In anticipation of this weekend’s 2014 NHL Entry Draft, where the St. Louis Blues have the #21 pick overall, we continue our three-part series of the Blues’ first-round picks of past amateur drafts. In part one, we looked at the selections made during the franchises’ infancy and the progression the club was looking to make in successive years. In part two, we look at the skaters chosen from 1980 to the turn of the century.
A Californian roller hockey phenom as a youth, Wilson quickly adapted to the ice and was selected in the first round. At the age of 20, the defenseman netted 21 points in his 1981 rookie campaign. He spent five seasons with the ‘Note, netting 21 goals and 60 assists. Wilson was acquired by Calgary in the 1985-86 season and saw minimal action. In a brief career rebound, he played 14 games with Chicago in 1987, notching four goals and five assists.
He retired from the ice in 1993 and went on to play for the St. Louis Vipers’ roller hockey franchise for three seasons, where he collected 110 points in 55 games. Wilson is the currently the owner of Power Play Personal Training in Des Peres, MO, which just recently celebrated its 20th anniversary of operation.
1981: Marty Ruff (20th overall)
The Blues’ first-round defenseman never played a NHL game. Missed the team’s 1981 training camp and the early stages of the 1981-82 season with mononucleosis. After being assigned to the minors, knee and shoulder injuries plagued his skating career, both in the WHL and the IHL. Ruff dressed for the Peoria Rivermen for two seasons, notching three goals and seven assists from 1984-86, and then retired due to continuing knee problems. His older brother, Lindy, coached the Buffalo Sabres from 1997-2013 and is currently the head coach of the Dallas Stars.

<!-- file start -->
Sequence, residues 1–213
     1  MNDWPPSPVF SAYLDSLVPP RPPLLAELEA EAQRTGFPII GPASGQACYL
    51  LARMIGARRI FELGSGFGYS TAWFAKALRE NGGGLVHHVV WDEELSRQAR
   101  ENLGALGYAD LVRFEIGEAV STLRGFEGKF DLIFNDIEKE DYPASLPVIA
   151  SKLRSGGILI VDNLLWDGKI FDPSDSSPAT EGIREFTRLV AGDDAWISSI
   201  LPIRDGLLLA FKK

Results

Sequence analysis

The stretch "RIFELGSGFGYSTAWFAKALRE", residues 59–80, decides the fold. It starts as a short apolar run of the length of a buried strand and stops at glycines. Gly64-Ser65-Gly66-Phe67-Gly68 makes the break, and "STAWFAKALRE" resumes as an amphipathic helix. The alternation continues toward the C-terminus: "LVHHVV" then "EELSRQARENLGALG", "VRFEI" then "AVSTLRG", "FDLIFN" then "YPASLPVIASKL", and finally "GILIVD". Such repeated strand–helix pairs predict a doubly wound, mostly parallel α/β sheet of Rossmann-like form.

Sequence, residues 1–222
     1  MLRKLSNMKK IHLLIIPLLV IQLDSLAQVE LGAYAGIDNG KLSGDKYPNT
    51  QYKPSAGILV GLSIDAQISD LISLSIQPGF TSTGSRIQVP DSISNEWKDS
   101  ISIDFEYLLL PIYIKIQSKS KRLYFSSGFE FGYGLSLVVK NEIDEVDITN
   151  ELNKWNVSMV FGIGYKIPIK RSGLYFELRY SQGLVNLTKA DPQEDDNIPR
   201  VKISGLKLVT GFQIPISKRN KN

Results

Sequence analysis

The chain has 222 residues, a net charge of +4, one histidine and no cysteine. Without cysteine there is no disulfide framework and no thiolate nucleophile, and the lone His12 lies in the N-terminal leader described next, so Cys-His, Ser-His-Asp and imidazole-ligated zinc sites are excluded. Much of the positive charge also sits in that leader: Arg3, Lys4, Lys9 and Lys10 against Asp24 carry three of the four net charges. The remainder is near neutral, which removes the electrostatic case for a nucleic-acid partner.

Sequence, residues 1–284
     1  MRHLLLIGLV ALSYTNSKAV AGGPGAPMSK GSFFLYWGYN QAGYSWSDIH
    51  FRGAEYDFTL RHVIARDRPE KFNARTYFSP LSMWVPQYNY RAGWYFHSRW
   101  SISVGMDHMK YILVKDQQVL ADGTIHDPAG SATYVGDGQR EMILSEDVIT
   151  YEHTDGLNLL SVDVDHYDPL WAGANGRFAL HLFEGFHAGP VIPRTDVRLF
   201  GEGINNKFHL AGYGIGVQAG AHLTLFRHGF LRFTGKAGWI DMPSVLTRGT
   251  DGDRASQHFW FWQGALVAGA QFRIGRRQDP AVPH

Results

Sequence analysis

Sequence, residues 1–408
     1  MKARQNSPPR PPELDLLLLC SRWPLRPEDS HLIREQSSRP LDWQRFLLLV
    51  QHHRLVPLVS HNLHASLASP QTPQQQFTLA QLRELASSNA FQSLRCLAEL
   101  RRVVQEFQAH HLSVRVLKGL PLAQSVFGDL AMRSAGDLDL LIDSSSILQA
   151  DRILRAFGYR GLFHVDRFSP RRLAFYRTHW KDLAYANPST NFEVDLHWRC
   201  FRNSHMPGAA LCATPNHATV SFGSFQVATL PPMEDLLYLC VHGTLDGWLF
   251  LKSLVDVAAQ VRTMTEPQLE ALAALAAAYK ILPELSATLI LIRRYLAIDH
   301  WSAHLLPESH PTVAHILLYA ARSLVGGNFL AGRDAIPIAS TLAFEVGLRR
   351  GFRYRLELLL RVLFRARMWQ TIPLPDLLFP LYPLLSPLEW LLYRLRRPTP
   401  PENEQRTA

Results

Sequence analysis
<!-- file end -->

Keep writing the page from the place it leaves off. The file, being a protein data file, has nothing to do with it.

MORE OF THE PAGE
The Blues’ first pick at that draft was in Round 3, where they selected defenseman Mike Posavad, who played eight games with the ‘Note.
Not only did the franchise not have a first round pick at the ’83 Draft, it didn’t have any altogether. Here’s the short version of a very long and complicated story. Midway through the 1982-83 season, owner Ralston Purina Co., wishing to get out of the hockey business, wanted to sell the Blues to investors in Saskatoon, Saskatchewan. The NHL would not approve the sale and, as a result, a $20 million anti-trust lawsuit was filed by Ralston Purina against the NHL, then NHL-president John Zeigler and franchises that either voted against the sale or abstained.
A counter suit filed by the NHL against Ralston Purina and the withdrawal of the offer from the Saskatoon group ensued. Incensed Ralston Purina executives boycotted the 1983 Draft by not sending a representative, marking the first and only time a franchise did not participate in an NHL draft. (A more detailed account can be found in this 2009 story posted at stlouisgametime.com.)
Under new owner Harry Ornest, the Blues did not pick until the second round, where they drafted defenseman Brian Benning and center Tony Hrkac.
The Blues did not pick until the second round, where they drafted winger Herb Raglan.
After a long drought of first round picks, the Blues went with Lemieux, an All-Star left-winger from the Quebec Major Junior Hockey League (QMJHL). In his rookie season, he notched 10 goals and eight assists in 53 games. A sub-par start in 1987 sent him to Peoria, where there was little to note. Lemieux would go one to be a journeyman player in the NHL, spending tenure with six other franchises in his 13-year career.